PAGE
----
Apr 26th, 2010
As I read the blog prompt for this week, I was sitting in Mac’s Cafe. Immediately the words “information technologies” prompted me to think of the two televisions mounted at either end of the cafe. To be honest, I usually spend some portion of my lunch period tuned into one of the two television. Many news reports have triggered conversations amongst me and my friends. And while waiting for friends to arrive for lunch, I like to watch a few news segments in order to feel somewhat attuned to what’s happening in the world outside of our little Ithaca “bubble.”
On the contrary, there are plenty of days that also go by where I am completely oblivious to the large flat screen televisions playing the news; and I have absolutely become jaded to the multiple television in the Mann Library lobby – despite their informative purpose. Typically my news and information searches occur on my laptop or even on my blackberry browser. Because I’m a student and always on the go, I feel like my television consumption is incredibly lower here on campus than it is back home in Virginia. Because of our student/academic environment, and the sort of “bubble” created by living in upstate new york, my information sources are drastically altered to portable sources.
On average, most students have laptops and internet capable phones that they take around with them almost every day. While these technologies are outlets to credible news sources, students don’t always take full advantage of their capabilities.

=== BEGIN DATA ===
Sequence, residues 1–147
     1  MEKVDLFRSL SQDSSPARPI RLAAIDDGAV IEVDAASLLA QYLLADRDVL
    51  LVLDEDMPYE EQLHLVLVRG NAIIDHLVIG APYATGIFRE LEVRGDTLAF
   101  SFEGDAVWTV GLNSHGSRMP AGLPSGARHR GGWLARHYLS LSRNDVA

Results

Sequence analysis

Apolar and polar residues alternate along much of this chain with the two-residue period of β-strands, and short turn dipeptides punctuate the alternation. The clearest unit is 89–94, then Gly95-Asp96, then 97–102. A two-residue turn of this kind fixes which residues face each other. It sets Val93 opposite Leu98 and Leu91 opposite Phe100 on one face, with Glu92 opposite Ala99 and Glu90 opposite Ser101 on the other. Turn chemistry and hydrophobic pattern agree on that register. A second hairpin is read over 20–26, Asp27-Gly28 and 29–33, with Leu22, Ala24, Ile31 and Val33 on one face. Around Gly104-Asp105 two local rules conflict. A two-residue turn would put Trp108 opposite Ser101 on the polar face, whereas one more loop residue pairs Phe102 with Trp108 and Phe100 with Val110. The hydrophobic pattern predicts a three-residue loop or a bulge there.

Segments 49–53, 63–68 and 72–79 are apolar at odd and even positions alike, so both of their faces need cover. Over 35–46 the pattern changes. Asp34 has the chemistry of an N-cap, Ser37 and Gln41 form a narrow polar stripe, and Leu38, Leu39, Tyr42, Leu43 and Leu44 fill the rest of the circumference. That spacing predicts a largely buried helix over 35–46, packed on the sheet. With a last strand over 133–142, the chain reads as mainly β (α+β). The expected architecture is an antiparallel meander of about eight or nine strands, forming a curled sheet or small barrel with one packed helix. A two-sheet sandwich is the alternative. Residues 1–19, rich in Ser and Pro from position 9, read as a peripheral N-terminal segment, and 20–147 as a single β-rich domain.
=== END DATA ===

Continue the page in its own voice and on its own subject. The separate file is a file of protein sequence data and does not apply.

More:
Because I am typically on the go, I feel as I refer to news sources in short snippets of time – the five minutes before class starts while the professor is putting up the slides, waiting at a bus stop, etc. So, in contrast to my approximately once a day newspaper/news show consumption, I find myself checking the news more frequently for fewer minutes at a time. Potentially enabling me to have a more up-to-date perspective on global and national news events.
For this blog, I went to Mann Library to observe the intersection of physical space and information technologies. Because of its nature as a library, Mann is an incredibly information technology rich space. The open layout of the first floor contains a large computer lab, rows and rows of desktops, several printers, as well as hard copy magazines on shelves. Besides the large area of floorspace devoted to computers, many of the students at desks are also on laptops/netbooks. The other floors of the library seem to also have a heavy percentage of students on computers, and instead of computer labs, large quantities of traditional print media. The open architectural design of Mann allows for students to see other students around them and easily spot computer stations.
While walking around the library observing the technology rich areas of Mann, I noticed a surprising number of students on facebook. Students both on their personal laptops and on desktops in the computer lab were seen writing on friends’ walls, reading their newsfeed, and flipping through pictures. I felt surprisingly awkward when I glanced around and spotted someone on facebook because I could easily see their facebook activities with little to no privacy. This provided an intersection of new media and public space. Because computer screens (even netbook screens) are relatively large, a passerby can easily see what you’re doing on your computer. I felt awkward because I feel like, while posts and pictures are public, activities on facebook like surfing friends’ profiles and editing your own are still somewhat private activities. However, by participating in these activities in a public space, the activities then became public knowledge.